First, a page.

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AT&T adds 61¢ 'Mobility Administrative Fee' for users

Nickel and diming customers because it can

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US subscribers to AT&T's mobile network are getting an extra 61¢ "Mobility Administrative Fee" on their bills beginning in May.

That's not a lot of money for individual users, but it adds up to over $40m a month in additional revenue for AT&T – around half a billion each year. The company has reportedly said its administrative charges are lower than rivals Verizon and Sprint, and that they will cover maintenance and cell-tower rents, although we're still waiting for details on that.

The fee comes alongside AT&T's monthly "regulatory cost recovery charge", which covers the cost of complying with government regulations, and adds around 50 cents a month to customers' bills. Verizon charges 90 cents for this and Sprint 40 cents, while T-Mobile charges $1.61 but doesn't include other administrative charges.

"Why would AT&T do this? Because they can," wrote Joe Hoffman, principal analyst at ABI Research. "Now that AT&T is comfortable with their shiny new pricing tools and flexibility that comes with them, looks like someone in the Executive MBA program has discovered Price Elasticity of Demand."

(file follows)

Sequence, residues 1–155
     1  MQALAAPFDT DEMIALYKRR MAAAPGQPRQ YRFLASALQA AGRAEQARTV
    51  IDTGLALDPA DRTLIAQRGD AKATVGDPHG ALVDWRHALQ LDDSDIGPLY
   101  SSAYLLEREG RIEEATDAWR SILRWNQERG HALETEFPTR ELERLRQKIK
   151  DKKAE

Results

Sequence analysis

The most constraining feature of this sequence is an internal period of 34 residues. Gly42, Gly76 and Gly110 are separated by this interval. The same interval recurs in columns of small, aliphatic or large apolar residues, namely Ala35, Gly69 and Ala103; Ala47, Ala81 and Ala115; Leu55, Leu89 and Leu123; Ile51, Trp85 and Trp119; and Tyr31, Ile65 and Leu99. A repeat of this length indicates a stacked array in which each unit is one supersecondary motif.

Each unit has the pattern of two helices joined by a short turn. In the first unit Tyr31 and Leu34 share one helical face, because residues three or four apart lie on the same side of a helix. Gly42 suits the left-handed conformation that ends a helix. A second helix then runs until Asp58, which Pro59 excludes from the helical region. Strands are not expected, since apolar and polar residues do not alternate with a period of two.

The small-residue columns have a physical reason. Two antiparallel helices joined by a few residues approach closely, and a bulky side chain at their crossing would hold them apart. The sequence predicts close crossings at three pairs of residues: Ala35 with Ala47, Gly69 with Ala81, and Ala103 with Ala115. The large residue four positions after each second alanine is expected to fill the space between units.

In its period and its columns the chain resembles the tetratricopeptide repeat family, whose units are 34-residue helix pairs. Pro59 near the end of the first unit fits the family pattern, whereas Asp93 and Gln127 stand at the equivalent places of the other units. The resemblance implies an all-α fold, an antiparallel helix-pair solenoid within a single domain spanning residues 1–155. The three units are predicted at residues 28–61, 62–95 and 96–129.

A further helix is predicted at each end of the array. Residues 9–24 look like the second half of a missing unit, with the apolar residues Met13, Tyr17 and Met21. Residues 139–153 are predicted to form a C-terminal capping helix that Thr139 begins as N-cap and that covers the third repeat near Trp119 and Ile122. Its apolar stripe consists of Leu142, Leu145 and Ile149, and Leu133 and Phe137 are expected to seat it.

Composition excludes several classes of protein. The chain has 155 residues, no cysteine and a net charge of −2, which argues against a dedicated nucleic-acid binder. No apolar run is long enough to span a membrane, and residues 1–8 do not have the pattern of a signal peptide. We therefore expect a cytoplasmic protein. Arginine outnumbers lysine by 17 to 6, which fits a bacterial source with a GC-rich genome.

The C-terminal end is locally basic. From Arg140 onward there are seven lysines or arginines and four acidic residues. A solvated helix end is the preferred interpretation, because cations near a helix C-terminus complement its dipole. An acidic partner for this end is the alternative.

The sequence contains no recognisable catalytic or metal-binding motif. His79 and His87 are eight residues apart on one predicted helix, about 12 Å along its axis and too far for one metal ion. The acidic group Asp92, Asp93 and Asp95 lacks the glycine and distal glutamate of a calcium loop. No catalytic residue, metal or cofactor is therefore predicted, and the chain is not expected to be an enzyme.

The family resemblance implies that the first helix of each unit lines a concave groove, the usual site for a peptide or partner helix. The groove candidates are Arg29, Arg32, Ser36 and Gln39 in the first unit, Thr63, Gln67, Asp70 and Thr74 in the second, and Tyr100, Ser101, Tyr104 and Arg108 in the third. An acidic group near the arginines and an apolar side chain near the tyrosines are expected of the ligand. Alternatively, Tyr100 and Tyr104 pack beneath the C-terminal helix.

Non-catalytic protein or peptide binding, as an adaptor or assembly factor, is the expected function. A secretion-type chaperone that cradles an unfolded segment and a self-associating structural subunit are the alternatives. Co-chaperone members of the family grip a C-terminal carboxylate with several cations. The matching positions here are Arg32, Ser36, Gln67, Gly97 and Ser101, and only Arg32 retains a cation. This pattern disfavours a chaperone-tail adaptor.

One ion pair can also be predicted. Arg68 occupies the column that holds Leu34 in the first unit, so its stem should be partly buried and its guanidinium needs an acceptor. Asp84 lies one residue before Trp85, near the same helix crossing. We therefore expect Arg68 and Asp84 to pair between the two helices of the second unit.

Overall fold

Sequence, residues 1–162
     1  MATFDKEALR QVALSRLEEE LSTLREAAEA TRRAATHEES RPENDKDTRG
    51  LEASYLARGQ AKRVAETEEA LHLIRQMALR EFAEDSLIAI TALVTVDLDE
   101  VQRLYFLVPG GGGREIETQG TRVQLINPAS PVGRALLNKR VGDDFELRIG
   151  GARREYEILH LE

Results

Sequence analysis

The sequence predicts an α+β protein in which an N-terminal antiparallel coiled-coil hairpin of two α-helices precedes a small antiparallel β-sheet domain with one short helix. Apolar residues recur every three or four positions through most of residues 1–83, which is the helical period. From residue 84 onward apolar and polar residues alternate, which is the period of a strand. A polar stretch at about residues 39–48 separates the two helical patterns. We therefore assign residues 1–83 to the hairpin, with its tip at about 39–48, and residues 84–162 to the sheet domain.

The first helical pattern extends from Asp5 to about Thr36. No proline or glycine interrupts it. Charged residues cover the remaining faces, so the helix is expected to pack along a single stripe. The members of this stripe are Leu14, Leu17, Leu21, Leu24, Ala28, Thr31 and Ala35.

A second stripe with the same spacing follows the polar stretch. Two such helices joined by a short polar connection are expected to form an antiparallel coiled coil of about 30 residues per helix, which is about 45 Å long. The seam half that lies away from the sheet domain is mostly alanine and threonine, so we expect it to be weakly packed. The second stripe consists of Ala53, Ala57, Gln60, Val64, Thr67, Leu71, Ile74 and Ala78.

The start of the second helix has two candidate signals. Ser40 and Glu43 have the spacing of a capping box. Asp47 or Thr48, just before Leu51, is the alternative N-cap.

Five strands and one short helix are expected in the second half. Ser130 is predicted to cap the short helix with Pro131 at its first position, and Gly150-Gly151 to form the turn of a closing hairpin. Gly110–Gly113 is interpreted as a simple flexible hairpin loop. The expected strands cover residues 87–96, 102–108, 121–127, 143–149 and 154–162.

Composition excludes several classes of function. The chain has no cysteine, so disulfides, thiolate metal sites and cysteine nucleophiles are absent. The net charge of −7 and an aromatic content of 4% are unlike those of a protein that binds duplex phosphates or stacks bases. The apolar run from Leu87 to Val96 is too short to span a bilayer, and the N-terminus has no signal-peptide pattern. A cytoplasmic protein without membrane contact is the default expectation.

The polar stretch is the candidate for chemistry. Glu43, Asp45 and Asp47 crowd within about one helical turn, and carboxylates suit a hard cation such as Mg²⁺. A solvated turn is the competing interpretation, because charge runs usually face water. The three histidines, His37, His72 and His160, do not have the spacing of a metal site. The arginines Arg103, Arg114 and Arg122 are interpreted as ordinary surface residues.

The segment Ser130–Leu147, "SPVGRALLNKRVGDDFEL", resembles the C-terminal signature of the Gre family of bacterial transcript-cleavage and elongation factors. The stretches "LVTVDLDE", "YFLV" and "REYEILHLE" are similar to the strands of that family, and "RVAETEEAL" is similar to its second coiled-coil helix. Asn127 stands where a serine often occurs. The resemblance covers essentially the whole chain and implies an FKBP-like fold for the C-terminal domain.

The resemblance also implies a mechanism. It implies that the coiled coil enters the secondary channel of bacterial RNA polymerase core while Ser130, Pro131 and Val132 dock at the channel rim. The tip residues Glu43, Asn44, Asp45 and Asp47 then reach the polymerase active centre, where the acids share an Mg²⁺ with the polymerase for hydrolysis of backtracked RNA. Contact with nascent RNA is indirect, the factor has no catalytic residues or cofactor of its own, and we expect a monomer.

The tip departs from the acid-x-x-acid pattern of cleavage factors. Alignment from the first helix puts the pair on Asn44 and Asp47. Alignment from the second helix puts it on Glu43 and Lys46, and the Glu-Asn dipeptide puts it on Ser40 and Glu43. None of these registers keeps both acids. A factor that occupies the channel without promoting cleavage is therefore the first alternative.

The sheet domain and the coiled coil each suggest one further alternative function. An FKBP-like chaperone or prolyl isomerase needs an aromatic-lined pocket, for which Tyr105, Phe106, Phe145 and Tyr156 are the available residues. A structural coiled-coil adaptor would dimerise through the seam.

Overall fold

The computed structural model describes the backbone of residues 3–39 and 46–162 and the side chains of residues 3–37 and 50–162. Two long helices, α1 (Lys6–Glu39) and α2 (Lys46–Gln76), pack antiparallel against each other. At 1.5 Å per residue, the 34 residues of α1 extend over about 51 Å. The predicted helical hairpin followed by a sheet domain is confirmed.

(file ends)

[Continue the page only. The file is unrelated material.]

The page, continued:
Hoffman predicts the plan will be a success, since subscribers are unlikely to dump AT&T over a charge that's so small, even if the profits it reaps will be huge for the company. Adding this in as an additional charge also makes it less likely to be noticed when people pay their bills.

"For now, $500 - $600 Million will flow right to the bottom line," Hoffman wrote. "Brilliant! No fancy software tools, no focus groups, no high priced engineers and programmers, and no iPhone subsidies. Just a raw, brute force price increase. In six to 9 months, add another fee, then rinse and repeat a few more time. Marketing beats engineering every time!"

AT&T has learned from the experience of Verizon, which in 2011 slapped a $2 "convenience fee" (yes, it actually called it that) on customers who paid their bills online or via telephone. After massive public outcry, the company dropped the charge within 24 hours – it seems it's easier to get people's backs up if you break that dollar barrier. ®

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